The Greenest Branch: A Novel of Germany’s First Female Physician (Hildegard of Bingen)
This is a well-written, impressive imagining of the early years of Hildegard von Bermersheim, later von Bingen, about whose formative years as a young nun very little is known. While P.K. Adams takes full advantage of this to freely imagine the challenges Hildegard was confronted with and the choices she had to make, her suppositions are firmly grounded in a well-researched medieval world, referencing the ongoing conflicts between the Empire and the Papacy, the different movements in the monastic world, and the situation of women forced to choose between ‘Eve’s lot’ (i.e., child-bearing) or monastic chastity in a patriarchal society. This is all described without any hint of presentism, which makes it easy for readers to immerse themselves in this world.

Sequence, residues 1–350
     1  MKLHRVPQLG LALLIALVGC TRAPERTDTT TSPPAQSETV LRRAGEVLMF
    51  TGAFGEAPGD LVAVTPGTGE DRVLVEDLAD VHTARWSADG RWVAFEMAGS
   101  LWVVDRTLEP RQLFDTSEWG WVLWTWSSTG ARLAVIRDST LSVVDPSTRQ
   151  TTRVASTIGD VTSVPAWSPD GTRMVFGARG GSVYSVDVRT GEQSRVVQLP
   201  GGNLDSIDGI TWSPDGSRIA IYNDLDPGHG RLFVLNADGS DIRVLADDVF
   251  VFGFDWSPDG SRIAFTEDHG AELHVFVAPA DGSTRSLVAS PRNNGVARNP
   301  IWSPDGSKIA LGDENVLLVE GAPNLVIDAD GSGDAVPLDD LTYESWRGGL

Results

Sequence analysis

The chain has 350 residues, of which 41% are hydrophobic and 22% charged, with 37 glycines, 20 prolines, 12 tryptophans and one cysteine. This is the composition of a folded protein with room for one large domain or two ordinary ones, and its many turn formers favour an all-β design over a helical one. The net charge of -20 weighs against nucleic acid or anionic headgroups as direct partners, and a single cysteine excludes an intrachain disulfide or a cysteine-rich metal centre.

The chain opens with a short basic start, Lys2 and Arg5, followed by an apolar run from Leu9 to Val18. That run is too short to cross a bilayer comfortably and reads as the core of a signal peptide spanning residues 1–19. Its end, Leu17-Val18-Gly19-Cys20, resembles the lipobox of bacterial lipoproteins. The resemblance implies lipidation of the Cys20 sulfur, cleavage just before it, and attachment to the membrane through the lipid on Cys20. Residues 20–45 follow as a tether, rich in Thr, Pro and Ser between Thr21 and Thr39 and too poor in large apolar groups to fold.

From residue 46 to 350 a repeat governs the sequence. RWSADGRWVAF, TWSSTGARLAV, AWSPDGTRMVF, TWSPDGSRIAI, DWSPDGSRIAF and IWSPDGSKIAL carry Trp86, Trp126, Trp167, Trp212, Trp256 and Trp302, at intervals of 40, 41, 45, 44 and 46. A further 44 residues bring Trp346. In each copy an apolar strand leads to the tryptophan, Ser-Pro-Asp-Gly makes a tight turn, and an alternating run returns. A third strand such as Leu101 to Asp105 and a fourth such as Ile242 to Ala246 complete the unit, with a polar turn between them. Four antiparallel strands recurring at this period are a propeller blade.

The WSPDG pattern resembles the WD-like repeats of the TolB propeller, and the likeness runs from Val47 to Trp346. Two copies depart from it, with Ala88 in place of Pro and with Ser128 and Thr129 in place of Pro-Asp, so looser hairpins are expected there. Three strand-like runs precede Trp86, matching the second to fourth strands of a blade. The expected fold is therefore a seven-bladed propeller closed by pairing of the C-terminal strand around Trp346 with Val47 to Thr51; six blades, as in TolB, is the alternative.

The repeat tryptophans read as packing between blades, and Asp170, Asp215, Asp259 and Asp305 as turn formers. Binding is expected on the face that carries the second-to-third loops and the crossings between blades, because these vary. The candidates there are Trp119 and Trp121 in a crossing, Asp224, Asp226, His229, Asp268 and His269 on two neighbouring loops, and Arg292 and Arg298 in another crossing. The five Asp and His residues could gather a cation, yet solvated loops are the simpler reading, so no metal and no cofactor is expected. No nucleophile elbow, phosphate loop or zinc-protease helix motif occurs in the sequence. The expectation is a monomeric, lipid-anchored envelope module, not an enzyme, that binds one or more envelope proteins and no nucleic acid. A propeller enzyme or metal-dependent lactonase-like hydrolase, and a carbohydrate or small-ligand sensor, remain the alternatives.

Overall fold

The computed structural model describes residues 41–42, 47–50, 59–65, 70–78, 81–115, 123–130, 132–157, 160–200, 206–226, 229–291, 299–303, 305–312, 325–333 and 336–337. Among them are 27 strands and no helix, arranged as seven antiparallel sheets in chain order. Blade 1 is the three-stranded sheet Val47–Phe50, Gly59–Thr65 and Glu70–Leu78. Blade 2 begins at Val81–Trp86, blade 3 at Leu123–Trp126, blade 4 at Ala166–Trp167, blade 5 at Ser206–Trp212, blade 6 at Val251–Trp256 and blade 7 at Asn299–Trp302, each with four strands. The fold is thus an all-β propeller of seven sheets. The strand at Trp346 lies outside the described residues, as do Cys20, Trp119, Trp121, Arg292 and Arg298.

I enjoyed the lyrical descriptions of the Rhineland landscape, but Ms Adams does not ignore the sometimes desperate situation of its inhabitants—this world is no superficial picture-postcard, but has real depth. The Greenest Branch sheds light on a little-known time and place and, although not a mystery story, has much that will appeal to lovers of Ellis Peters’ Brother Cadfael. It brings to life one of the greatest women of the Middle Ages whose thoughts and music still speak to us today. The tone of the first-person narrative by an older Hildegard is more contemplative than passionate and includes the occasional hint at future renown. I look forward to reading the conclusion of Hildegard’s story as told by Ms Adams.